“The Playhouse was built in (the 1920s) and maintenance could be very costly, so anything we could do to help them cover these costs, we were happy to do,” Denomme said in an email interview.

Players Playhouse is run by volunteers, so events like these are important.

“The Players Playhouse is a one of a kind venue,” Christian said. “A state and national historic structure build in 1925, it is one of the finest examples of early cinder block construction and is one of the last — if not the last — fully operational theaters owned and operated by a private, nonprofit theater group. The interior of the theater is truly stunning and immediately transports you back in time. It is adorned by period art including murals by Paul Honore and sculptures by Corrado Parducci. Words cannot do it justice, it truly must be seen to be fully appreciated, but I will tell you this: I have been a Player for going on 20 years and every time I walk into the house, I am still awed by the beauty and grandeur and filled with immeasurable pride that I get to be a part of the history and stewardship of this unique institution.”

Last year, The Players undertook what Christian said was a “six-figure refresh of all of the stage rigging,” and they’re now turning their attention to the aging roof and heating and cooling systems.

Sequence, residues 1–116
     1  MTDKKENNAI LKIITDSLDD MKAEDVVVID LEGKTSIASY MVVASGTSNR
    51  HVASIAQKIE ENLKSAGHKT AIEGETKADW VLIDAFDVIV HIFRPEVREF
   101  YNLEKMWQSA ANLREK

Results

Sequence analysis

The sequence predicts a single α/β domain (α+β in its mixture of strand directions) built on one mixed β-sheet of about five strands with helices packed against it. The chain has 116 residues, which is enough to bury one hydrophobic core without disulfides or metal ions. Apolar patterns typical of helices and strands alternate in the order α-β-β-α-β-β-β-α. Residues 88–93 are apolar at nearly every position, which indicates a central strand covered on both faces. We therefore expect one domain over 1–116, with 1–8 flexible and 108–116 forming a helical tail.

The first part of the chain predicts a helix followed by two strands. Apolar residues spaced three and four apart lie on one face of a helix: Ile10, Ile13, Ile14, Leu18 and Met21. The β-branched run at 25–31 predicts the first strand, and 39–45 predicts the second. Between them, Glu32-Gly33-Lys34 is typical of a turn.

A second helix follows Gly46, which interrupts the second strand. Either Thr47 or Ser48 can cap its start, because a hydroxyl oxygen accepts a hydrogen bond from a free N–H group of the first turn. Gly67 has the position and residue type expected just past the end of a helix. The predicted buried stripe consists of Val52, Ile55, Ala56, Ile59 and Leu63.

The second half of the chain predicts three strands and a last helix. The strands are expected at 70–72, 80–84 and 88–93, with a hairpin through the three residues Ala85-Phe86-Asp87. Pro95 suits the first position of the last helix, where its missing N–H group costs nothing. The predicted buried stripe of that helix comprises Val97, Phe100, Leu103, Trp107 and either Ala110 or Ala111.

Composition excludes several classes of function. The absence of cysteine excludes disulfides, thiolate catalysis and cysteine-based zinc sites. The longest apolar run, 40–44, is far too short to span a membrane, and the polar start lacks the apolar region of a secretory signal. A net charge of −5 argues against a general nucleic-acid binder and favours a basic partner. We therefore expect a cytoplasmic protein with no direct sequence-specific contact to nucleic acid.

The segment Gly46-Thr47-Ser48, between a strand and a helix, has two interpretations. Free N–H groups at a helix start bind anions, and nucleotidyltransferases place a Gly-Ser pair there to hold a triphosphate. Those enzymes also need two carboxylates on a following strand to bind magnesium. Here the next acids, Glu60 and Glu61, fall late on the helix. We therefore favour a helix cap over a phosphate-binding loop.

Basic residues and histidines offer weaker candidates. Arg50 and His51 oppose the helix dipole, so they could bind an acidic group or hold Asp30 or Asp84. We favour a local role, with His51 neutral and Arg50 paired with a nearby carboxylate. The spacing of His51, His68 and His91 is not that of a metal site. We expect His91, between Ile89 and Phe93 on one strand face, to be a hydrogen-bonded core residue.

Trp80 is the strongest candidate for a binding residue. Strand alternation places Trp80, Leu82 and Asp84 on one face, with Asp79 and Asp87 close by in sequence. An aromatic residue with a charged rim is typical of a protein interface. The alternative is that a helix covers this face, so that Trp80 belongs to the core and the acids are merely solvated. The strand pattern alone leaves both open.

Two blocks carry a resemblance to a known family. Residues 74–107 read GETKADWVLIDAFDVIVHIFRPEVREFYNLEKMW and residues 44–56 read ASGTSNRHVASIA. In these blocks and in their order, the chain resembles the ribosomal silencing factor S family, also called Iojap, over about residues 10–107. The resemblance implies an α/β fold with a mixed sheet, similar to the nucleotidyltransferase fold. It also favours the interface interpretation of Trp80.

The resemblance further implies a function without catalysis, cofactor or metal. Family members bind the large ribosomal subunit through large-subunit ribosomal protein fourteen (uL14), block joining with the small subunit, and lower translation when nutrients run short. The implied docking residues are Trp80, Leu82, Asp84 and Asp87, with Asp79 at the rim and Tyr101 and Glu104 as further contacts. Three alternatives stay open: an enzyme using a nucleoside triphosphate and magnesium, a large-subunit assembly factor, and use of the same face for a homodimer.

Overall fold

Stone’s day job is as a senior curator for the Detroit Historical Society, which operates the Detroit Historical Museum and Dossin Great Lakes Museum. For him, this concert is special on many levels.

“My history with the Playhouse goes a couple layers deep,” Stone said in an email interview. “Of course, in my job with the Detroit Historical Society, we do what we can to promote the city’s historic jewels. The building and the arts organization certainly fall in that category.”

An exhibition about The Players recently ended at the Detroit Historical Museum’s Community Gallery, he said.

“As a professional connection, this building was designed by William Kapp, who later in his career designed both the Detroit Historical Museum and the Dossin Great Lakes Museum,” Stone added. “As a personal connection, my grandfather was a Player for a while during the 1930s. Coincidently, he also played mandolin.”

The theater tour alone is worth the price of admission.

“As a group, we look forward to the Players gig every year, for many reasons,” Stone said. “The acoustics of the room are great onstage. It’s more fun to sing and play when the subtleties of the space make you sound good. Because of that, we usually develop a few fresh tunes for the show. It’s nice to give a song a try where it has the best chance to sound good. We try to mix up the set list with Irish tunes, pub tunes, sea chanteys, familiar folk classics and some creative outliers. The audience is generally having as much fun as we are, and that always makes it a blast.”